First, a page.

In short, it is evident "from the context in which [the phrase] is used," Deal v. United States, 508 U. S. ___, ___ (1993) (slip op., at 3), that the "arrest or other detention" of which the subsection speaks must be an "arrest or other detention" for a violation of federal law. If a person is arrested and held on a federal charge by "any" law enforcement officer--federal, state, or local--that person is under "arrest or other detention" for purposes of §3501(c) and its 6 hour safe harbor period. If, instead, the person is arrested and held on state charges, §3501(c) does not apply, and the safe harbor is not implicated. This is true even if the arresting officers (who, when the arrest is for a violation of state law, almost certainly will be agents of the State or one of its subdivisions) believe or have cause to believe that the person also may have violated federal law. Such a belief, which may not be uncommon given that many activities are criminalized under both state and federal law, does not alter the underlying basis for the arrest and subsequent custody. As long as a person is arrested and held only on state charges by state or local authorities, the provisions of §3501(c) are not triggered.
In this case, respondent was under arrest on state narcotics charges at the time he made his inculpatory statement to the Secret Service agents. The terms of §3501(c) thus did not come into play until respondent was arrested by the agents on a federal charge--after he made the statement. Because respondent's statement was made voluntarily, as the District Court found, see App. to Pet. for Cert. 45a, nothing in §3501 authorized its suppression. See 18 U.S.C. §§ 3501(a), (d). The State's failure to arraign or prosecute respondent does not alter this conclusion. Although Congress could have provided that the exercise of prosecutorial discretion by the State in this scenario retroactively transforms time spent in the custody of state or local officers into time spent under "arrest or other detention" for purposes of §3501(c), it did not do so in the statute as written. Cf. Germain, 503 U. S. ___, ___ (1992) (slip op., at 5).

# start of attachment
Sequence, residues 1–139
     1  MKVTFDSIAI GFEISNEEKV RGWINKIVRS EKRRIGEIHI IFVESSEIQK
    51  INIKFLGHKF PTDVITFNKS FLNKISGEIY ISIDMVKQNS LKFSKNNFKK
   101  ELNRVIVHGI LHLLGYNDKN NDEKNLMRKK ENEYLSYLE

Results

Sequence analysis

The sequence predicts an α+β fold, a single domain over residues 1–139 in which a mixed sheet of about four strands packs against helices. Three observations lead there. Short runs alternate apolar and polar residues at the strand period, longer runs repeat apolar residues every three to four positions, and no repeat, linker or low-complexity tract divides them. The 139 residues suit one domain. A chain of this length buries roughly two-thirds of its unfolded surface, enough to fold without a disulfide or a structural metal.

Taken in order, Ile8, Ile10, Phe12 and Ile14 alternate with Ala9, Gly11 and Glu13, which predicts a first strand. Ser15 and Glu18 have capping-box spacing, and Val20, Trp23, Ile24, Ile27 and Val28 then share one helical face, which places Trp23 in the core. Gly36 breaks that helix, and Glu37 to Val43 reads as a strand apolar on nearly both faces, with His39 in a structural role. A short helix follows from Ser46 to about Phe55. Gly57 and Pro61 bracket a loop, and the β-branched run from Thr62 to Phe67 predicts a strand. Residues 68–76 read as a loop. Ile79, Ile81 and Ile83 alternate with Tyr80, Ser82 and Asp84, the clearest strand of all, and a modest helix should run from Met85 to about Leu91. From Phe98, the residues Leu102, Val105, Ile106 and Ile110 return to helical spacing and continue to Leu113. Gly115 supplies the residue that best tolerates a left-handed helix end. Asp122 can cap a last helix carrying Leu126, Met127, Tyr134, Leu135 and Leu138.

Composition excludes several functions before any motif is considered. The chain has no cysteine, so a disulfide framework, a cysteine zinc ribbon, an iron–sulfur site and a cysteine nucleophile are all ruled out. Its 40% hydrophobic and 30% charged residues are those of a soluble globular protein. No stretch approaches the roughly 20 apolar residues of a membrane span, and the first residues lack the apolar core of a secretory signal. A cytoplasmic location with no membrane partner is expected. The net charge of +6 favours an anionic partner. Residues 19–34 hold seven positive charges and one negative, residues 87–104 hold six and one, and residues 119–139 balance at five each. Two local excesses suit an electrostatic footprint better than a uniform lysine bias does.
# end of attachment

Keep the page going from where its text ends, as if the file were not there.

Although we think proper application of §3501(c) will be as straightforward in most cases as it is here, the parties identify one presumably rare scenario that might present some potential for confusion; namely, the situation that would arise if state or local authorities, acting in collusion with federal officers, were to arrest and detain someone in order to allow the federal agents to interrogate him in violation of his right to a prompt federal presentment. Long before the enactment of §3501, we held that a confession obtained during such a period of detention must be suppressed if the defendant could demonstrate the existence of improper collaboration between federal and state or local officers. See Anderson v. United States, 318 U.S. 350 (1943). [n.4] In this case, however, we need not address §3501's effect, if any, on the rule announced in Anderson. The District Court concluded that there was "no evidence" that a "collusive arrangement between state and federal agents . . . caused [respondent's] confession to be made," App. to Pet. for Cert. 50a, and we see no reason to disturb that factual finding. It is true that the Sheriff's Department informed the Secret Service agents that counterfeit currency had been found in respondent's possession, but such routine cooperation between local and federal authorities is, by itself, wholly unobjectionable: "Only by such an interchange of information can society be adequately protected against crime." United States v. Coppola, 281 F. 2d 340, 344 (CA2 1960) (en banc), aff'd, 365 U.S. 762 (1961). Cf. Bartkus v. Illinois, 359 U.S. 121, 123 (1959). [n.5]